After forty plus hours spent in airplanes and waiting for transfers in Shanghai, Bangkok, and Calcutta, I step outside of the arrival terminal in New Delhi. Earlier in the morning, while in line for a visa at the Bangkok airport, I booked a hostel for that evening, the first instance of any logistical planning for this India trip outside of reserving a yoga training in January.
I pull out the directions from my bag and walk towards the ATM. Taped to the ATM there’s a piece of cardboard with “No Cash” scribbled in marker. The guy sitting beside me on the prior flight told me of the recent decision of the bank of India to discontinue 500 and 1000 Rupee bills, but I hadn’t put one and one together at the time.
I then see an information desk with three men in military uniforms sitting behind a table with another cardboard sign reading “need help?”. I approach them and ask if there are any other functional ATMs or money exchanges in the area. They respond that there’s only one other place within walking distance, a bank in the building across the road.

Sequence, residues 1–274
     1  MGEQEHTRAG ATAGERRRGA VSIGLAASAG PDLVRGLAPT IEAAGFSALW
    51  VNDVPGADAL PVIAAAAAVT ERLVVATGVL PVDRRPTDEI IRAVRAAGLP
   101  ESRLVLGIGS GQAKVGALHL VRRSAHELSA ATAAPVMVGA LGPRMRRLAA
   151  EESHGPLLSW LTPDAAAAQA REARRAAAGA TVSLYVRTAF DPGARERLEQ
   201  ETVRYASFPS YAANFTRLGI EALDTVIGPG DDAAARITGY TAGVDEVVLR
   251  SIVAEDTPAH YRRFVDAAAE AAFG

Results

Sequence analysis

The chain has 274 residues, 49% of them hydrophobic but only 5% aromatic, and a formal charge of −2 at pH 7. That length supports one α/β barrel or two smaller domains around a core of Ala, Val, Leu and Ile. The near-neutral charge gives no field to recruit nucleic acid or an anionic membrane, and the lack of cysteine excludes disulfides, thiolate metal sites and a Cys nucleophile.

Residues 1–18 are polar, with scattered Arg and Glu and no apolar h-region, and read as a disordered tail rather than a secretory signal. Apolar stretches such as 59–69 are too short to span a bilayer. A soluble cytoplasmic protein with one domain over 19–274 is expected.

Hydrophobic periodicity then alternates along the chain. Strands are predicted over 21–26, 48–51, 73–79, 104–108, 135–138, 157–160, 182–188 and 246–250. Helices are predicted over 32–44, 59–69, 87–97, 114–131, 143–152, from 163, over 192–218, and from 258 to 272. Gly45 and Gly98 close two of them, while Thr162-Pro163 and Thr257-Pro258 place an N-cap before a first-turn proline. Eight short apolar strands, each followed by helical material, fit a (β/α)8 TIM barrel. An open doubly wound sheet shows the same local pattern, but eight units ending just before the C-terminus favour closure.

As I walk across the busy street I feel like I’m in the old video game “frogger” — and the quick side to side dodges and the cacophony of horns honking shake me out of a stupor. Someone once described the experience of arriving into India for the first time as being in a deep slumber only to awake to the sound of a stereo blasting on full volume the music of Metallica. I found it a fitting analogy.
As I get to the ATM, I find another “no cash” sign. I wander around for another half hour, looking for any hope to latch onto, and a tuk tuk driver stops besides me and asks where I need to go. I tell him my situation, and in very broken English, he says he knows a place and tells me to get in.